A ten minutes tour of:
- The introduction of a global minimum taxation of 15%
- Some salient new points, such as inclusion of deferred taxes to calculate jurisdictional ETR
- The importance of modeling to understand the impact
- The ambitious timeline for implementation
Earlier today, the OECD published the long awaited Global Anti-Base Erosion Model Rules (Pillar Two) agreed upon by the Inclusive Framework on BEPS. These rules should facilitate the implementation of a minimum effective taxation of 15% on a per country level for multinational groups with consolidated revenues exceeding EUR 750 million. They include the design of the income inclusion rule (IIR), the undertaxed payment rule (UTPR) and the substance-based income exclusion.
With this publication just prior to the imminent launch of the European Commission Pillar 2 Directive (expected 22 December), there is little time to waste for business to get its arms around the features of what safely can be called a major overhaul in the international tax architecture.
The GloBE Model rules form part of the Two-Pillar solution to address the tax challenges arising from the digitalisation of the economy. On Pillar 1 (the allocation of a piece of excess profits over user countries) further communications are expected in 2022, which will be addressed in a separate newsflash.
Who is in scope?
The GloBE rules will apply to MNEs that meet the EUR 750 million revenue threshold in at least two of the four fiscal years immediately preceding the tested fiscal year.
Governmental entities, international organisations, not-for-profit organisations, pension funds, investment funds or real estate investment vehicles that are the ultimate parent entity of a MNE group are excluded.
What are the mechanics?
Pillar 2 covers the Model rules to allow for a minimum effective tax rate (on a jurisdictional basis) at 15% through two interlocking local rules, i.e., the GloBE rules:
- Income inclusion rule (IIR): the ultimate parent entity of the MNE group (or an intermediary holding company e.g. in case of a joint venture) shall pay a top up tax in its residence country triggered by low-tax subsidiaries. If the state where the ultimate parent entity is located did not implement the GloBE rules, the burden shifts to the lower parent entity.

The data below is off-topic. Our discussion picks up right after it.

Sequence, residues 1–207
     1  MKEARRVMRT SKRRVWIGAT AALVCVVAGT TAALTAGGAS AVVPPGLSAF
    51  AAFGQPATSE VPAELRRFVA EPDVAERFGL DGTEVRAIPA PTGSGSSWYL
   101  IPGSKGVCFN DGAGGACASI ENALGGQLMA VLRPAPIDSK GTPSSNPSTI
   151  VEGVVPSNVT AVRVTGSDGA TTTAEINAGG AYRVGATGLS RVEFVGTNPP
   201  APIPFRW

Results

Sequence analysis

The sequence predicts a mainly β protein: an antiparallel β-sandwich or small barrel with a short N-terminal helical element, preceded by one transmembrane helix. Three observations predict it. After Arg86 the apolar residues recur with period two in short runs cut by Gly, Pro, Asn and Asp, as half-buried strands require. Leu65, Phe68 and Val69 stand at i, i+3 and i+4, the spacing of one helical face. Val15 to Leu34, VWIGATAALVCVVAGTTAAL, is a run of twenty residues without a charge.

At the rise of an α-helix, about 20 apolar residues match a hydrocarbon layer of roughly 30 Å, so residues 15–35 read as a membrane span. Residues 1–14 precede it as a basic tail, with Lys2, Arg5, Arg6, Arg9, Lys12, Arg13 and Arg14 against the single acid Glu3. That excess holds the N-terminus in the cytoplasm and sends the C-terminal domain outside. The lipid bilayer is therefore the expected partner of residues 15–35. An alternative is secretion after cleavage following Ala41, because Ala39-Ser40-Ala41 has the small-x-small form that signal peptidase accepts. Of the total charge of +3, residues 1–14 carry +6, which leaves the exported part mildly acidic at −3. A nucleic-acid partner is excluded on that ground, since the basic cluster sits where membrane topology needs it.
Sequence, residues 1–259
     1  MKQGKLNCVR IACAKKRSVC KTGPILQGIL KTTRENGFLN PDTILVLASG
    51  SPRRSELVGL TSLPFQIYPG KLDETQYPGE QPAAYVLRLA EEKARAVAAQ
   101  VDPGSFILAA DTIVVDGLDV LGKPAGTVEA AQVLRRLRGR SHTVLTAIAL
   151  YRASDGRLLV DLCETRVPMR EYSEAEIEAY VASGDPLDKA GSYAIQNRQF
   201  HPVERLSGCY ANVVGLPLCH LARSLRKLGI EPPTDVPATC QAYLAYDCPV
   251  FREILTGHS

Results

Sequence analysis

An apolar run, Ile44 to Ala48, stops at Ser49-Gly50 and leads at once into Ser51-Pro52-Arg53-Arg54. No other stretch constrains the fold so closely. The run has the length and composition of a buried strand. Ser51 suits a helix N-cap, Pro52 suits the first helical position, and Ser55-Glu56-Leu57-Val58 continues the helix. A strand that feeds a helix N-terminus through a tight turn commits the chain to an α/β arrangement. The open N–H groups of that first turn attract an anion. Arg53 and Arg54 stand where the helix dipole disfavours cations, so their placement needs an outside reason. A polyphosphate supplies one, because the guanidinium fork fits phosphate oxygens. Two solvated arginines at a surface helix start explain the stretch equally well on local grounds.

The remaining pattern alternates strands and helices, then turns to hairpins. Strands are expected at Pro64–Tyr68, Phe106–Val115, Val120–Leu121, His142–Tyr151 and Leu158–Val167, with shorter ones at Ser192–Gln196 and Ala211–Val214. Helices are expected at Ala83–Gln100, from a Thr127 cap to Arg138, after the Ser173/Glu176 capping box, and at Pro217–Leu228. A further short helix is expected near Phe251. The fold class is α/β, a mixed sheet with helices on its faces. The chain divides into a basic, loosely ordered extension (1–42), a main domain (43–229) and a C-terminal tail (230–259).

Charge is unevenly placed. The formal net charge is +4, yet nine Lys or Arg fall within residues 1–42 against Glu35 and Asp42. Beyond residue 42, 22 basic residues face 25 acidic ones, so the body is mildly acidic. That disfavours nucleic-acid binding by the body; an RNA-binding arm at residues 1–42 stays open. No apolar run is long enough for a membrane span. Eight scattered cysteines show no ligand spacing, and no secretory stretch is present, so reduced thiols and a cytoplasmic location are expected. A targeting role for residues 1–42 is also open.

- Undertaxed payment rule (UTPR): local denial of deduction or adjustment of the low-taxed income of the low-tax affiliate when the latter is not subject to the IIR. This rule is not applicable to investment entities.
Today’s communication does not contain any (further) guidance on the final design of the subject to tax rule (STTR). This will allow source countries to impose taxation limited to the difference between the minimum rate (9%) and the rate on the intercompany payment. The application of the STTR requires changes to bilateral tax treaties. A treaty-provision for the STTR is expected by mid 2022.
Effective tax rate and top-up tax
To determine the top up tax to be paid, the GloBE rules refer to an effective tax rate (ETR), calculated on a jurisdictional basis. The ETR for each country is equal to (i) the sum of the GloBE taxes of each entity (excl. investment entities) located in the jurisdiction, divided by (ii) the Net GloBE Income of the jurisdiction for the fiscal year. Permanent Establishments also qualify as entity.
The GloBE taxes and Net GloBE Income start from the financial accounting figures used for consolidation purposes per entity, including agreed adjustments. International shipping income is excluded. It is important to note that besides the current tax expense, deferred taxes will also have to be taken into account subject to certain conditions.
If the jurisdictional ETR is below 15%, top-up tax will in principle be due with respect to the Net GloBE Income of that jurisdiction. To determine the amount of top-up tax, amongst others the substance based income exclusion, the de minimis profit exclusion and a potential domestic top –up tax must be taken into account.